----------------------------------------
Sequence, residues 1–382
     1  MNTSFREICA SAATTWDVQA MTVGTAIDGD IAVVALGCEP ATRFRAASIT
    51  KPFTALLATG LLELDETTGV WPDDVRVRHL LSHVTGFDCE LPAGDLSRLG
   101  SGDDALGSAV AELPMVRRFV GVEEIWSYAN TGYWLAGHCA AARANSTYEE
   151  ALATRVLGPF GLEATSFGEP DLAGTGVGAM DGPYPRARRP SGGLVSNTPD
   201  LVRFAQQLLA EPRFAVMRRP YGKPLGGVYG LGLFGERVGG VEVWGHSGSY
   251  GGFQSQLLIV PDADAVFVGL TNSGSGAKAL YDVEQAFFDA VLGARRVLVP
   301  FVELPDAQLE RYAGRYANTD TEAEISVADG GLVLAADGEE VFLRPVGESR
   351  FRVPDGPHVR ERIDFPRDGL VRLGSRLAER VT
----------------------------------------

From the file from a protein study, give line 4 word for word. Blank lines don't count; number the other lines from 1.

   101  SGDDALGSAV AELPMVRRFV GVEEIWSYAN TGYWLAGHCA AARANSTYEE